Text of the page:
Howard, and Hernandez. Id. at ¶ 7. The next day, USPS supervisor Michael Price began an
investigation. Id. at ¶ 8. Price compiled the statements he had been given about the incident,
took additional statements, and conducted further interviews, including one with Hernandez. Id.
at ¶¶ 9-10. Hernandez told Price she was sitting five feet away from Grant and Howard at the
time of the confrontation, and she confirmed Grant’s account of Howard’s conduct, saying that
she saw Grant and Howard “arguing face to face and then I saw Howard tilting his head back and
he spitted on Roberta’s face.” Id. at ¶¶ 11-13. Price reported the information he learned to
Howard’s direct supervisor, Donald Rice, and on October 26, 2009, Rice served Howard with
notice proposing to terminate him from the USPS. Id. at ¶ 14. Recounting the findings of the
investigation, and concluding that Howard had initiated a verbal and physical altercation with
Grant, the notice cited Howard with several violations of USPS policy, including the policies
against threats and assaults in the workplace. Id. at ¶¶ 15-16.
Howard sought Equal Employment Opportunity (“EEO”) counseling and then filed a
formal complaint alleging that Price and Rice had discriminated against him by firing him
because of his sex. Id. at ¶ 17; Doc. 9 at 7. During the EEO investigation, Howard was asked
why the decision to fire him rather than Grant resulted from sex discrimination. Doc. 33 at ¶ 18.
Howard responded that his supervisors had acted in “fear” and that Grant had “friends in high
places.” Id. at ¶ 19. An administrative law judge reviewed Howard’s case and dismissed it,
finding that Howard could not make out a prima facie case of sex discrimination because he had
no evidence that similarly situated female employees had been treated better than he had been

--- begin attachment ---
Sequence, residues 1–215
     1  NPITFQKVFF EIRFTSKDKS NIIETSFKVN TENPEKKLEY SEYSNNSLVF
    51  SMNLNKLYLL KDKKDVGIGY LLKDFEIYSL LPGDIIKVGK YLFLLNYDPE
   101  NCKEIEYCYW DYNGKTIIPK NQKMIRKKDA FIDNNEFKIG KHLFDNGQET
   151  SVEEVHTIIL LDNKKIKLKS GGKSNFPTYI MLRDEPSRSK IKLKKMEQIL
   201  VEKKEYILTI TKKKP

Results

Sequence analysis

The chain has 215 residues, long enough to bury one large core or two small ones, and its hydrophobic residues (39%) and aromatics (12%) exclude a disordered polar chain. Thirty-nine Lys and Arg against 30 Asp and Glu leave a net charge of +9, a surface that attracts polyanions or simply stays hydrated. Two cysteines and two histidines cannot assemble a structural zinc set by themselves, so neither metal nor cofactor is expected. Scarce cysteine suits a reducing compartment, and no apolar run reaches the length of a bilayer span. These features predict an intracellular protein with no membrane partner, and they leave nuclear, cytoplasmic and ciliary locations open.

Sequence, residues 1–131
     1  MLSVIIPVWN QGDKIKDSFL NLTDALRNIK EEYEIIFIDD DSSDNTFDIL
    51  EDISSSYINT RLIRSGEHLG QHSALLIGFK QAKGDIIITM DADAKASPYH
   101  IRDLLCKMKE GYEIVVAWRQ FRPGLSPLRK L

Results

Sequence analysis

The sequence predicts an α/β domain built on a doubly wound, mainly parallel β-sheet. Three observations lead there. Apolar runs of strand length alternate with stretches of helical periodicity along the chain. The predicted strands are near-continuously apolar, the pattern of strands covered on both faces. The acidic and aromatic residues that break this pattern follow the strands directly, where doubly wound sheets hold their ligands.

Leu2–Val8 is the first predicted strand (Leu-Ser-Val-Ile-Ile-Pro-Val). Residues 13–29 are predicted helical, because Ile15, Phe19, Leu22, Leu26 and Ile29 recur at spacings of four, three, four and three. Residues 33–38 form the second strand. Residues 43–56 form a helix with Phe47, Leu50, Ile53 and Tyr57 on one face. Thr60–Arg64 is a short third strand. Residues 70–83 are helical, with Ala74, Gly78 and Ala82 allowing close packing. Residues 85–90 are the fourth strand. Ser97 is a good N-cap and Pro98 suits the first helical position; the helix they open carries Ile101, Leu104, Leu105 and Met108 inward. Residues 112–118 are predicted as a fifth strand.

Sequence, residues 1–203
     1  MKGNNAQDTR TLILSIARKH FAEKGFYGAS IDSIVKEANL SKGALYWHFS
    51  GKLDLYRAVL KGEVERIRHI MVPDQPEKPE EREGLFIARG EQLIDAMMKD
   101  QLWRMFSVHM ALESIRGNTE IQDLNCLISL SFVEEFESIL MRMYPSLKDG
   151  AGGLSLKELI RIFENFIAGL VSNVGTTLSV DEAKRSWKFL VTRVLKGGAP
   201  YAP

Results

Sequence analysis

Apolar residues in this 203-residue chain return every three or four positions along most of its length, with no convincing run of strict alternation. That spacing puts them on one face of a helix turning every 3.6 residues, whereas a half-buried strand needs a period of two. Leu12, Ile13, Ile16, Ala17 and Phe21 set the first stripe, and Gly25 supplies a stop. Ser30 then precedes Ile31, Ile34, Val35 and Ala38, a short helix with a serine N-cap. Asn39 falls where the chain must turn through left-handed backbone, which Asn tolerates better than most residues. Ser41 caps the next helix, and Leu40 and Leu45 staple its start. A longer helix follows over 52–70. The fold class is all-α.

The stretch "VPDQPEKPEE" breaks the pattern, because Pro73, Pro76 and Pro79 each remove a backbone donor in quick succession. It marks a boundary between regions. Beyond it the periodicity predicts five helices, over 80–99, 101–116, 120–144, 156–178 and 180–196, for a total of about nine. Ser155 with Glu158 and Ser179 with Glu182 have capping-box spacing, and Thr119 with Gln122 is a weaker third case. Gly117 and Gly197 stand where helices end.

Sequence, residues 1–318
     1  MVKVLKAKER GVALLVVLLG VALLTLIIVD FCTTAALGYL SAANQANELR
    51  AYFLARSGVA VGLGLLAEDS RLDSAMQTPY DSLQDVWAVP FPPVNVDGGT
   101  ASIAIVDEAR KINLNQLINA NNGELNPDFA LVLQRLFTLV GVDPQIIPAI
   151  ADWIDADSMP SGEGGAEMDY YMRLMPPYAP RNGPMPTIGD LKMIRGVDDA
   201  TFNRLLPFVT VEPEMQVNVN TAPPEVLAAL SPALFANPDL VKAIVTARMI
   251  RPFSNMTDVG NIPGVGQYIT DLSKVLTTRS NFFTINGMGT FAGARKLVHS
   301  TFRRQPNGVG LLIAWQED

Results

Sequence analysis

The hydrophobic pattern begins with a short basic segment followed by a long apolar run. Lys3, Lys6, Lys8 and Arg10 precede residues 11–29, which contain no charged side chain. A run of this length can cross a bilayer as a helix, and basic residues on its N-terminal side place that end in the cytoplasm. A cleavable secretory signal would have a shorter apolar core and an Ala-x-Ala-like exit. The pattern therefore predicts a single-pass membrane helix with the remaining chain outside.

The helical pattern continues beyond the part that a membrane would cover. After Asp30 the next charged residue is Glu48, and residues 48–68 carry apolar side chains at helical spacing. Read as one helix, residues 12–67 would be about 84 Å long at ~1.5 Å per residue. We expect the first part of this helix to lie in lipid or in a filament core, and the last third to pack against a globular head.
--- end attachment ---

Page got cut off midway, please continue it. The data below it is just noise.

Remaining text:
treated in similar circumstances, and he produced no evidence that the stated reasons for his
dismissal were pretextual. Id. at ¶ 20.
Howard filed no brief in opposition to USPS’s summary judgment motion. Howard’s
failure to file a brief “does not ... automatically result in judgment for” USPS, which “must still
demonstrate that it is entitled to judgment as a matter of law.” Keeton, 667 F.3d at 884 (internal
quotation marks omitted). As noted above, Howard claims that USPS discriminated against him
on the basis of sex in violation of Title VII. A plaintiff may fend off summary judgment on a
Title VII claim through either the direct or indirect methods of proof. See Coleman v. Donahoe,
667 F.3d 835, 845 (7th Cir. 2012).
“Under the ‘direct method,’ the plaintiff may avoid summary judgment by presenting
sufficient evidence, either direct or circumstantial, that the employer’s discriminatory animus
motivated an adverse employment action.” Ibid. “Direct evidence is evidence that, if believed
by the trier of fact, would prove discriminatory conduct on the part of the employer without
reliance on inference or presumption. In short, direct evidence essentially requires an admission
by the decision-maker that his actions were based upon the prohibited animus.” Rhodes v. Ill.
Dep’t of Transp., 359 F.3d 498, 504 (7th Cir. 2004) (citations and internal quotation marks
omitted); see also Coleman, 667 F.3d at 860; Everett v. Cook Cnty., 655 F.3d 723, 729 (7th Cir.
2011). “A plaintiff can also prevail under the direct method of proof by constructing a
‘convincing mosaic’ of circumstantial evidence that allows a jury to infer intentional
discrimination by the decisionmaker. That circumstantial evidence, however, must point directly
to a discriminatory reason for the employer’s action.” Rhodes, 359 F.3d at 504 (citations and